‘); } else { // If we match both our test Topic Ids and Buisness Ref we want to place the ad in the middle of page 1 if($ .inArray(window.s_topic, moveAdTopicIds) > -1 && $ .inArray(window.s_business_reference, moveAdBuisRef) > -1){ // The logic below reads count all nodes in page 1. Exclude the footer,ol,ul and table elements. Use the varible // moveAdAfter to know which node to place the Ad container after. window.placeAd = function(pn) { var nodeTags = [‘p’, ‘h3′,’aside’, ‘ul’], nodes, target; nodes = $ (‘.article-page:nth-child(‘ + pn + ‘)’).find(nodeTags.join()).not(‘p:empty’).not(‘footer *’).not(‘ol *, ul *, table *’); //target = nodes.eq(Math.floor(nodes.length / 2)); target = nodes.eq(moveAdAfter); $ (”).insertAfter(target); } // Currently passing in 1 to move the Ad in to page 1 window.placeAd(1); } else { // This is the default location on the bottom of page 1 $ (‘.article-page:nth-child(1)’).append(”); } } })(); $ (function(){ // Create a new conatiner where we will make our lazy load Ad call if the reach the footer section of the article $ (‘.main-container-3’).prepend(”); });

Pagination

WebMD Health

Israeli Team Announces First 3D-Printed Heart Using Human Cells

MONDAY, April 15, 2019 — The world’s first complete 3D printer-generated heart, made using the patient’s own cells and materials, has been created in a lab.

Until now, success has been limited to printing only simple tissues without blood vessels.

“This is the first time anyone anywhere has successfully engineered and printed an entire heart replete with cells, blood vessels, ventricles and chambers,” said team leader Tal Dvir.

The printer-generated heart is only about a third the size of an actual human heart — and it doesn’t actually work. But it’s a groundbreaking step toward engineering customized organs that can be transplanted with less risk of rejection.

“This heart is made from human cells and patient-specific biological materials,” said Dvir, a researcher at the Sagol Center for Regenerative Biotechnology at Tel Aviv University in Israel. “In our process these materials serve as the bio-inks, substances made of sugars and proteins that can be used for 3D printing of complex tissue models.”

Dvir noted that scientists have managed to print a 3D structure of a heart before, but not with cells or blood vessels. “Our results demonstrate the potential of our approach for engineering personalized tissue and organ replacement in the future,” he said in a university news release.

The research was published online April 15 in the journal Advanced Science.

Heart disease is the leading cause of death in the United States. A transplant is the only treatment available to patients with end-stage heart failure, but there is a severe shortage of heart donors.

That means there’s an urgent need to develop new ways to regenerate a diseased heart, according to the researchers.

The use of biological materials from a patient is key to successful engineering of tissues and organs, Dvir explained. The compatibility of engineered materials is key to eliminating rejection risk.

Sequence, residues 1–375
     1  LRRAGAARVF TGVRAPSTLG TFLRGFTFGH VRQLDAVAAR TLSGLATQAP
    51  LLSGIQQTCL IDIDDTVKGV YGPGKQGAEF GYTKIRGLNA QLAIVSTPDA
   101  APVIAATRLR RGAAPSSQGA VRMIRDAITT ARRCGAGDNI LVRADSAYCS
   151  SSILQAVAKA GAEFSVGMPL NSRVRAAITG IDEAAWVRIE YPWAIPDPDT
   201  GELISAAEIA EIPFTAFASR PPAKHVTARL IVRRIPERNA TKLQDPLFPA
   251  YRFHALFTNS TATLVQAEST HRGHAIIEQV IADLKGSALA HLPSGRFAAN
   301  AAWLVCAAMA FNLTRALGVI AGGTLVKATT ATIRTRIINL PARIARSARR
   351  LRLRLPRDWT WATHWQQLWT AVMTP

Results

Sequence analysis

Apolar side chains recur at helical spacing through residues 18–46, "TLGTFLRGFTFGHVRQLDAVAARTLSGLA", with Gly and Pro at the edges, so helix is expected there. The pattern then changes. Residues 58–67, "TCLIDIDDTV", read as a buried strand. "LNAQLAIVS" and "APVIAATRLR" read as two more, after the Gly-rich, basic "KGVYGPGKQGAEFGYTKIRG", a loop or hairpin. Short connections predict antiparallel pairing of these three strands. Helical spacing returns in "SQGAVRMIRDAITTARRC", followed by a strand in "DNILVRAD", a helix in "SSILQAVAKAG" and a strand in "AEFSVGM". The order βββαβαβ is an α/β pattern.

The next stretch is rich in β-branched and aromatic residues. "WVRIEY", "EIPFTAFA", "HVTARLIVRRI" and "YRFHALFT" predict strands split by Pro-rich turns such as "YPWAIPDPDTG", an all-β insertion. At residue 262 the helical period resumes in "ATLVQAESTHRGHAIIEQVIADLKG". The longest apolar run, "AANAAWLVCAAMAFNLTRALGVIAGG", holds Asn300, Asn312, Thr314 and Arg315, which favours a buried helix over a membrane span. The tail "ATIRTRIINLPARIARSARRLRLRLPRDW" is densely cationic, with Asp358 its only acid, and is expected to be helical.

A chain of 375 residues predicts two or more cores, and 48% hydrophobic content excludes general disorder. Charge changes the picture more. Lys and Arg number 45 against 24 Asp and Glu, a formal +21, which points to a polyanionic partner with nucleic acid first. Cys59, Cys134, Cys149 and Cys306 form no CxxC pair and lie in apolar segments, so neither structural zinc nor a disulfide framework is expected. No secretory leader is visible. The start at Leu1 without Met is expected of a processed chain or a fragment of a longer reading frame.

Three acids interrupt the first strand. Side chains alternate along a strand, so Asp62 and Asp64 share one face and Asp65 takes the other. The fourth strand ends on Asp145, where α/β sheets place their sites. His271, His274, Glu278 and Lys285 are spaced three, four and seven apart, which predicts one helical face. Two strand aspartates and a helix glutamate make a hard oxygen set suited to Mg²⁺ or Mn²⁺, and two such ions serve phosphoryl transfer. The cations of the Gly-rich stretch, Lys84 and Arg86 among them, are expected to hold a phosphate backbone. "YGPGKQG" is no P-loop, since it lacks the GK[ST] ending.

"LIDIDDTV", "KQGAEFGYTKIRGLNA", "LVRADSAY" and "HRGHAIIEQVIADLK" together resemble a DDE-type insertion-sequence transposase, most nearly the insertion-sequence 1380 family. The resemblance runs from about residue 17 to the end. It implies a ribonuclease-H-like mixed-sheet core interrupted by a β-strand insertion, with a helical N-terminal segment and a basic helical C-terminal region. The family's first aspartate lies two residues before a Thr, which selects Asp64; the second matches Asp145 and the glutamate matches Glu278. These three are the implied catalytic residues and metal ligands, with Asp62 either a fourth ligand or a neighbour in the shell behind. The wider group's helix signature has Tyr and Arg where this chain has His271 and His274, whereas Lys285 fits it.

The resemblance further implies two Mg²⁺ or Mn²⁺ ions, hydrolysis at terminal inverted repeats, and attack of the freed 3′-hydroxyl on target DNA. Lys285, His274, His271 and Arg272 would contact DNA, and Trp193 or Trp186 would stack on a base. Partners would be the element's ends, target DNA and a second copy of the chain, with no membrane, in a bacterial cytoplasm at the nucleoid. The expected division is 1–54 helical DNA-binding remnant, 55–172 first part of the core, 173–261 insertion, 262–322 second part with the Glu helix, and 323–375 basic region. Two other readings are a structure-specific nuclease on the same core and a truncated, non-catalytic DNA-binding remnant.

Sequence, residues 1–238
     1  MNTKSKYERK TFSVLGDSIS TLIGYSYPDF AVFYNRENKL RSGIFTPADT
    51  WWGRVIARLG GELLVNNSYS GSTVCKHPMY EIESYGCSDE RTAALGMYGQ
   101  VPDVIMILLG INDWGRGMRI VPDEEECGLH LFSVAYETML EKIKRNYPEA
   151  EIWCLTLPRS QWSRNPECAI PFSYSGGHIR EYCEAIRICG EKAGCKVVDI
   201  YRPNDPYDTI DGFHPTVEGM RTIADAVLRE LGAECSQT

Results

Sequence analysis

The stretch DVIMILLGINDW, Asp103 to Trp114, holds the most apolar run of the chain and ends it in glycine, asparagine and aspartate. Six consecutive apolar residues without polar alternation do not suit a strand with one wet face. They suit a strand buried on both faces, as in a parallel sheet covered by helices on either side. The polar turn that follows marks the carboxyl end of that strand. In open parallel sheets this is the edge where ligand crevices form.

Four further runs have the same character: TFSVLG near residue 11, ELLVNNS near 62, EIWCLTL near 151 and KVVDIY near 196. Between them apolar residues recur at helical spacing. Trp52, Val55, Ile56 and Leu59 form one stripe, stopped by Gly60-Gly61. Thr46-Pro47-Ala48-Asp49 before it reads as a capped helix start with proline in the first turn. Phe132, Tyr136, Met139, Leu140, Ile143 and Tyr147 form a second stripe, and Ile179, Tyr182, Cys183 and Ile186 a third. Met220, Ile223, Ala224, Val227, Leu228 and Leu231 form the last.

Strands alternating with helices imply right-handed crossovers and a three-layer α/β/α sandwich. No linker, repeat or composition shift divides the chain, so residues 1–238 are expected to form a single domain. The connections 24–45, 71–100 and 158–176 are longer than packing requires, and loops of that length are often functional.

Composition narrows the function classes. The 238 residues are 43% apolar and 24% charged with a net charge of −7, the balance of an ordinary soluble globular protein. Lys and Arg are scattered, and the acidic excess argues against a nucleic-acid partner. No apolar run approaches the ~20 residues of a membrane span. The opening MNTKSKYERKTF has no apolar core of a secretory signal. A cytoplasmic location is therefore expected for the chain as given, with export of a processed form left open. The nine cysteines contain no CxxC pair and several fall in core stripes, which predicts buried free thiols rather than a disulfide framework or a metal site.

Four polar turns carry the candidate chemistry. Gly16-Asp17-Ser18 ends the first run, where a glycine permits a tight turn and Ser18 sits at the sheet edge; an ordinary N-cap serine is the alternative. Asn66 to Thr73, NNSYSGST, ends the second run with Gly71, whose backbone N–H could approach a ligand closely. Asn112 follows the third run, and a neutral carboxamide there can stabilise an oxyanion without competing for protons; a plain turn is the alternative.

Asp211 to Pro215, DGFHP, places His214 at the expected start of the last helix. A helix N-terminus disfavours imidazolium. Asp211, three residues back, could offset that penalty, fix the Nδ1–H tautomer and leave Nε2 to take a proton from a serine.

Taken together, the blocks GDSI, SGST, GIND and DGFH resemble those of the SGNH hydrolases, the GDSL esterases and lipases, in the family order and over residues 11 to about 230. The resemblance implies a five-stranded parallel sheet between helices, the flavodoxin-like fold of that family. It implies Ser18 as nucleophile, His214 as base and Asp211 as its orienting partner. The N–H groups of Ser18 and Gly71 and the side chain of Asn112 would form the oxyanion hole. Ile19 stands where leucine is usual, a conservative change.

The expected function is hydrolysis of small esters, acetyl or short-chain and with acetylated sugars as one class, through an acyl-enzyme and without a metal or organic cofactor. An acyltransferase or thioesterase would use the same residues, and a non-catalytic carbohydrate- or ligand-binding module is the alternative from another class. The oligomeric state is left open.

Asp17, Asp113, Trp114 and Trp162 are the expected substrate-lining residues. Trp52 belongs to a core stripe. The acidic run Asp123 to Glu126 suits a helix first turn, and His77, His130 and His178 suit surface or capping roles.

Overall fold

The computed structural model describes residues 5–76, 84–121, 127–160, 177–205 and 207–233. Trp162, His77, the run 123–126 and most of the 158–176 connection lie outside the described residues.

“Ideally, the biomaterial should possess the same biochemical, mechanical and topographical properties of the patient’s own tissues,” Dvir noted. “Here, we can report a simple approach to 3D-printed thick, vascularized and perfusable cardiac tissues that completely match the immunological, cellular, biochemical and anatomical properties of the patient.”

While the 3D-printed heart is about the size of a rabbit’s heart, the same technology can be used to print a normal-sized one, he said.

The next step is culturing printed hearts in the lab and “teaching them to behave” like hearts, Dvir added. Then, researchers plan to transplant the 3D-printed heart into lab animals.

“We need to develop the printed heart further,” Dvir said. “The cells need to form a pumping ability; they can currently contract, but we need them to work together. Our hope is that we will succeed and prove our method’s efficacy and usefulness.”

Dvir looks to the future with optimism.

“Maybe, in 10 years, there will be organ printers in the finest hospitals around the world, and these procedures will be conducted routinely,” he said.

More information

The U.S. National Heart, Lung, and Blood Institute has more on heart failure.

© 2019 HealthDay. All rights reserved.

Posted: April 2019

Drugs.com – Daily MedNews

Human Ancestors’ Diet Led You to Pronounce Your F’s and V’s

FRIDAY, March 15, 2019 — Think of it as another example of a refined palate.

The ability to make speech sounds such as “f” and “v” is due to diet-led changes in humans’ bite, researchers say.

The range of speech sounds people can make was generally thought to be fixed since modern humans appeared about 300,000 years ago, but this new study challenges that theory.

The findings suggest that sounds such as “f” and “v” — common in many modern languages — are a relatively recent development linked to humans’ eating habits.

The teeth of adult humans used to meet in an edge-to-edge bite in order to cope with harder and tougher foods.

As softer foods became available, the overbite that had previously disappeared by adulthood remained, with upper teeth slightly in front of lower teeth, the researchers explained.

This enabled the emergence of a new class of speech sounds called labiodentals, now used in half of the world’s languages. These sounds are made by touching the lower lip to the upper teeth, as when pronouncing the letter “f.”

“In Europe, our data suggests that the use of labiodentals has increased dramatically only in the last couple of millennia, correlated with the rise of food processing technology such as industrial milling,” said study co-first author Steven Moran, a linguist at the University of Zurich in Switzerland.

“The influence of biological conditions on the development of sounds has so far been underestimated,” he added in a university news release.

Moran’s team based its conclusion on insights, data and methods from multiple branches of science, including biological anthropology, phonetics and historical linguistics.

According to project leader Balthasar Bickel, the study results “shed light on complex causal links between cultural practices, human biology and language.” Bickel is a professor of comparative linguistics at the university.

“They also challenge the common assumption that, when it comes to language, the past sounds just like the present,” he said in the news release.

The findings and the new methods used to conduct the study could help linguists answer a number of unsolved questions, including how languages actually sounded thousands of years ago.

More information

Learn about the origins of the English language at Merriam-Webster.

© 2019 HealthDay. All rights reserved.

Posted: March 2019

Drugs.com – Daily MedNews

Does This Salamander Hold the Key to Regrowing Human Body Parts?